What's the problem there? MP: Noise. JC: It's an old building. The noise permeates. We love the energy...but unfortunately she's sensitive. It was eight months of "can you do this, can you do this." We paid for her hotel room one night. We were just like, "Go get a room." MP: Just recently over the last few months, we've slowly won her over. I don't know what we did...
You finally bought her enough food. MP: No, she never comes in. JC: I don't know exactly what it was, but what she needed the most was to know that the person affecting her was doing everything that they possible could.
How do you fix that situation? JC: One thing we did was we filled beams with fireproof insulation. With a space like this there are a lot of open beams, and it's especially noisy due to the tin ceilings. We made changes to the kitchen, we changed our sound system. The way we used to download songs, we would play them on our iPod and the volume levels were erratic. Now we put in a standardized computer system which balances the volume levels. And we change the types of songs.
How much do you think all of the changes cost you guys? JC: Just for her? More than four grand? It also cost us the closing too. MP: Closing, getting everything done in the kitchen....I think it's closer to eight or ten thousand dollars. JC: Yeah, we had to close for a day to sound proof the kitchen.
Any other neighborhood problems? MP: I think overall the neighborhood was very accepting of us. We took over the Shopsin's space, almost turning it into an opposite personality. People used to get yelled at and now you can come in and you can relax. It took us three months to prove that.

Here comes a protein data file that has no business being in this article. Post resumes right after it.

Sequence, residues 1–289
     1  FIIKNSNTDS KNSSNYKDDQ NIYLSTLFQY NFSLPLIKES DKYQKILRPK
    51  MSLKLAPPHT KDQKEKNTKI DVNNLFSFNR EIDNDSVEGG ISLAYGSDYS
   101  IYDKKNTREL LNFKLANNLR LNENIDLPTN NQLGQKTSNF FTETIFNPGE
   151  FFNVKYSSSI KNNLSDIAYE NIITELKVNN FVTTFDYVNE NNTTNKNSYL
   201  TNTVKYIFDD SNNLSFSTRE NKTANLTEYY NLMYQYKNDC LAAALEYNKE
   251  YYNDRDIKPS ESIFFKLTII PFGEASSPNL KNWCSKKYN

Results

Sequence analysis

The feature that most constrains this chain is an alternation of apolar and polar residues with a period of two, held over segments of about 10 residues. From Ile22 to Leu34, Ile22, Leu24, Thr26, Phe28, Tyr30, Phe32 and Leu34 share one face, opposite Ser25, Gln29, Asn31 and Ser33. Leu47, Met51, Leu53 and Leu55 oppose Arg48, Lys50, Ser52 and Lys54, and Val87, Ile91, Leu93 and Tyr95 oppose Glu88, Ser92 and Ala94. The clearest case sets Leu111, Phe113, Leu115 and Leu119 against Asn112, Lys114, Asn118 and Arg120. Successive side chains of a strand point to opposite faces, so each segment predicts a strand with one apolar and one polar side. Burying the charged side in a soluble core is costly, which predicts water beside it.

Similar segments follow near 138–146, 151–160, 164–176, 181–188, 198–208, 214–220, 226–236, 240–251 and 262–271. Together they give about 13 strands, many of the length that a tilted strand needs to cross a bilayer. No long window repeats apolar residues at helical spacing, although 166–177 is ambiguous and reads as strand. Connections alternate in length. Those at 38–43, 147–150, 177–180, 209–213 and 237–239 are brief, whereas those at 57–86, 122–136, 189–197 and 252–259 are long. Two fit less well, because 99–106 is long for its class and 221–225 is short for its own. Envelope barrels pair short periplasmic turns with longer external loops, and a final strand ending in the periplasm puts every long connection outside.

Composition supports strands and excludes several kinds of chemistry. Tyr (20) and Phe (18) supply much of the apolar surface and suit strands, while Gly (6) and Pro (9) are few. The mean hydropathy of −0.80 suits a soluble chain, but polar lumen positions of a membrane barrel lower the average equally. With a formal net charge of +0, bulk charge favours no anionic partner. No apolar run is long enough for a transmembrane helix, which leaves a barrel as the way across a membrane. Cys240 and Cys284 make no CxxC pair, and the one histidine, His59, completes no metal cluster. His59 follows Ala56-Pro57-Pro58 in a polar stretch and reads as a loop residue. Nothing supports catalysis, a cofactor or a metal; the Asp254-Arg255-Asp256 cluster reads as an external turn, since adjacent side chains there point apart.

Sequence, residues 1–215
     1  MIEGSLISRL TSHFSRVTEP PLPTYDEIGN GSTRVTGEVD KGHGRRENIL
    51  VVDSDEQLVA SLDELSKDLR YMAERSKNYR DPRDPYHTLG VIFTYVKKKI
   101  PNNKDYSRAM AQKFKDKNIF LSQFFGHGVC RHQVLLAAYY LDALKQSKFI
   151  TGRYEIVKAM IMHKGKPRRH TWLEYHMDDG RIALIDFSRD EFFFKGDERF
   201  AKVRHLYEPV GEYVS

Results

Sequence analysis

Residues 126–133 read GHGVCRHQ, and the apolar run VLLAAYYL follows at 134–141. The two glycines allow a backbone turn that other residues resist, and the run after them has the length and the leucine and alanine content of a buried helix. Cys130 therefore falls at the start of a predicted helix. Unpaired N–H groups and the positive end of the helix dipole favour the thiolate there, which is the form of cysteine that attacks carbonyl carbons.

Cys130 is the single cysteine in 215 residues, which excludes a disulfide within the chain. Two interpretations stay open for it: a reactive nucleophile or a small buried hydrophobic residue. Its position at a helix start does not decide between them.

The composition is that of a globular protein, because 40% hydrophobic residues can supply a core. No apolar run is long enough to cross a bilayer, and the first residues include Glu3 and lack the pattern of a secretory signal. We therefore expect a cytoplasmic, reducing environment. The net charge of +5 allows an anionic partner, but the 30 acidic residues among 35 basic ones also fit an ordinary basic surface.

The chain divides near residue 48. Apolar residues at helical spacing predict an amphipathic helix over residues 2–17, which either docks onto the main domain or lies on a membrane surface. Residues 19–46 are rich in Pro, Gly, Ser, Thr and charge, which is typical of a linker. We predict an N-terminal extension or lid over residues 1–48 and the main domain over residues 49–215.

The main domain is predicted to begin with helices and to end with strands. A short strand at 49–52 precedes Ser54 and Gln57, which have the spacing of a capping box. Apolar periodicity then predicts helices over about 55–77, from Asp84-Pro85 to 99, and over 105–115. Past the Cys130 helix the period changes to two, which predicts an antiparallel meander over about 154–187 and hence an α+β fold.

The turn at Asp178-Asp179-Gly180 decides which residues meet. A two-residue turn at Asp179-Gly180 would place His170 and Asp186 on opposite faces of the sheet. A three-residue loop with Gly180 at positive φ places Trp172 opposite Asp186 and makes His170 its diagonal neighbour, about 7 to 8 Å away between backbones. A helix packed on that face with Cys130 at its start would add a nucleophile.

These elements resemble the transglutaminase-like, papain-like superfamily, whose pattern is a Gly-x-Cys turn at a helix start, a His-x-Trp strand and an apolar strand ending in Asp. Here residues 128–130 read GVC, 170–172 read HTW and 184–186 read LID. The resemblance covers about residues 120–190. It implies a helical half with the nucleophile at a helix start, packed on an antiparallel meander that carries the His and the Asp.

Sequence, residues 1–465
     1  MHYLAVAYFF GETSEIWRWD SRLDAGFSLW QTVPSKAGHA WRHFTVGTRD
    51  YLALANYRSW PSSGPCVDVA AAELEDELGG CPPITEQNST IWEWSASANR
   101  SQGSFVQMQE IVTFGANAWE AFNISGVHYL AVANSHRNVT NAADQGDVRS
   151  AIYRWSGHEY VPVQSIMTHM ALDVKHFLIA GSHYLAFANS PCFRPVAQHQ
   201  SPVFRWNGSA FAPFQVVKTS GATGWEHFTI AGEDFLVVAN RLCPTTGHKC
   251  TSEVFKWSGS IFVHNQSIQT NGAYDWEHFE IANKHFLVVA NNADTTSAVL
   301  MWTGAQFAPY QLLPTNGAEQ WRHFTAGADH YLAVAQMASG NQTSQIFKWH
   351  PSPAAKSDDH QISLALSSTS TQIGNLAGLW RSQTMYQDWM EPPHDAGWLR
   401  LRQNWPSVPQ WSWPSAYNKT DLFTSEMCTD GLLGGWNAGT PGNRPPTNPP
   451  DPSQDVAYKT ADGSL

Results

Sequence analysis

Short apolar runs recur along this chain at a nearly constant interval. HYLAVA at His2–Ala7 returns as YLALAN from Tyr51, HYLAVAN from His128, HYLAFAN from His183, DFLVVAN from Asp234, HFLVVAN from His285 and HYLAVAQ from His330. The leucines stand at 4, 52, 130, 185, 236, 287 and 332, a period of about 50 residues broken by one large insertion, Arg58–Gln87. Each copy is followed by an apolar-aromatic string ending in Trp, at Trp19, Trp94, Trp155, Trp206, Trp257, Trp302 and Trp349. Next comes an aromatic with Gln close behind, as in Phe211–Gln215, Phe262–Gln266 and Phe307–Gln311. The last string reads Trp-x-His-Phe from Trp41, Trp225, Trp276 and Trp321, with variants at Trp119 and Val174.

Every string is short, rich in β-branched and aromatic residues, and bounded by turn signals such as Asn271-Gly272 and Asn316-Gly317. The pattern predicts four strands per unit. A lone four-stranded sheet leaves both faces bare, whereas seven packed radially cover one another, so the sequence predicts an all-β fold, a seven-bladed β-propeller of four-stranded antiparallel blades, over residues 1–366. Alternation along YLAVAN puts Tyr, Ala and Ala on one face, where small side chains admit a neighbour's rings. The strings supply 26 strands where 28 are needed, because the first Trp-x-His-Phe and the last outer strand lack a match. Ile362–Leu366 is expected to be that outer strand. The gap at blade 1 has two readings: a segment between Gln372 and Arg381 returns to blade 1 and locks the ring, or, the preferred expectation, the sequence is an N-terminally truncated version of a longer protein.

How did you decide upon this place originally? Was Shopsin's shuttered already, were you actively looking? JC: No, we were contacted by the landlord. We weren't looking for it. When we heard the Shopsin's space was on the market, it was interesting but it would be $300,000 just for demo and then you need money for people's salaries. I wasn't into that at all. But Mikey and I have always talked about opening a place one day.
And, you're both partners here? JC: Yes. And what about Gabe Stuhlman? JC: You're really going to have to talk to him about that.
Well, aside from him, has there been any major turnover here in the last year? JC: The hardest thing to get right was wine. There was this guy who also opened the Harrison, Peter Lucania. He has a really really strong wine background and we took him on to pull our program together.
In the beginning did you not have a wine program? JC: We had one; it just wasn't successful. We took him in about four months in. Four months in we said we really need to focus on this and get it to the level of where the food is. Number one, offerings and number two, presenting. It's still a work in progress. And the wine program we're getting into now is as seasonal and as value-oriented as the food, which in turn becomes profitable. This space in the front used to be all retail, and now it's all wine. We'd like to eventually have a private reserve and hold it down in the private dining room.
Has there been any kitchen turnover? MP: I'd say relatively little kitchen turnover. We had a sous chef in the beginning that didn't work out so we hired another sous chef about two months into it. But, I couldn't be more happy with the group of guys I have in this kitchen, great great guys.
Looking back, if you had to do it again, what would you do differently? MP: We would have raised a little more money. JC: We had a merchandiser that cost five thousand bucks. It was a little refrigerator right here. We filled it with prepared meals. But sales were so inconsistent they would always turn into the staff meal. If we were focusing on retail alone that would be fine. But we learned we had to stick to what we do best.
How do you make a restaurant like this sustainable for the long haul? Do you want to be here 10 years from now? JC: The original negotiated lease we wanted a 12 year lease and we wanted to add five more. The landlord said, wait until you've hit three years. He's a seasoned property owner, so he knew better. So we're in year one. If we get to year two, come back and ask again.For more stories from Eater, go to eater.com.